Tea Table Coffee Table

February 24–June 12, 2005
Decorative Arts Gallery

The tea table and the coffee table were introduced to America approximately 200 years apart. The tea table—with a tilt-top, central pedestal, and three legs—was first made in America by immigrant British craftsmen in the 1720s. Along with tea itself, the new form spread rapidly and brought a new air of domestic sociability to the American home. The coffee table, invented in the 1920s, was distinguished by its low, informal height and expansive surface. It became such an important part of the mid-century American living room that it led to the creation of a new type of literature: the “coffee table book.”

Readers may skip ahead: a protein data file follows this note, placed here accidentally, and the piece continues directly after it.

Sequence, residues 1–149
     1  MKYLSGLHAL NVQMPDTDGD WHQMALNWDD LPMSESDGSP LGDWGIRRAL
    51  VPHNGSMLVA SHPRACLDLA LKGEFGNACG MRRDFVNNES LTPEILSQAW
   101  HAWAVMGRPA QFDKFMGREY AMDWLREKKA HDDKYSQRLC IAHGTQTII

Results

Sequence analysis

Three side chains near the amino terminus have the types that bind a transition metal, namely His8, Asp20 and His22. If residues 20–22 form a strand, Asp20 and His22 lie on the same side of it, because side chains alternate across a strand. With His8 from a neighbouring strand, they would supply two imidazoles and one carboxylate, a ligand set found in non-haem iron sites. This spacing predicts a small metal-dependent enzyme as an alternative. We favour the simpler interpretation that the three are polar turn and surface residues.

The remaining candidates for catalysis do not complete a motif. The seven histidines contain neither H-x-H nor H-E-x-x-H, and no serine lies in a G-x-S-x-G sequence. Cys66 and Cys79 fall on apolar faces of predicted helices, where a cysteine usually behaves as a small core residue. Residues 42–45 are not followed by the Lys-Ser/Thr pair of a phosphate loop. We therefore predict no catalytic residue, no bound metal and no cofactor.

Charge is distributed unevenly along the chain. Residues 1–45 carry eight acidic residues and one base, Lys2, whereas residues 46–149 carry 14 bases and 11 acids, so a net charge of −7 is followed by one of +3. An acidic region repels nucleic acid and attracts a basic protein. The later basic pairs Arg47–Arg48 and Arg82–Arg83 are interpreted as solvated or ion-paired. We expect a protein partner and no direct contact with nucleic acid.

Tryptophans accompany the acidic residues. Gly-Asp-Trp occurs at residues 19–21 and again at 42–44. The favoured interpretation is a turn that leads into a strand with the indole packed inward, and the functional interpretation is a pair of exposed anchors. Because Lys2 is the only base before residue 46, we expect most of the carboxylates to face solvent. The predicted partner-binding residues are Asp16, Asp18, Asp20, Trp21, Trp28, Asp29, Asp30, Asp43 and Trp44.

This exhibition compares the parallel developments of these familiar furniture forms, and includes tea and coffee services from each period as well as prime examples of the tables themselves.

The exhibition is organized by the Milwaukee Art Museum and curated by Glenn Adamson, curator of the Chipstone Foundation and MAM adjunct curator, and Sarah Fayen, assistant curator of the Chipstone Foundation and MAM adjunct curator.
  • Paul T. Frankl, Coffee Table, 1944–1950. Wood and lacquere, cork. Milwaukee Art Museum. Photo by John Gemblin.
  • New York, Tea Table, 1760–1770. Mahogany. Chipstone Foundation. Photo by Gavin Ashworth.
  • Imperial Furniture Company (Grand Rapids, Michigan), Coffee Table, 1929–1953. Cherry and plywood. Lent by a private collection. Photo by John R. Glembin.
  • Chicago, Illinois, Coffee Table, 1934. Chrome-plated metal and glass. Lent by Julia and George Evans. Photo by John R. Glembin.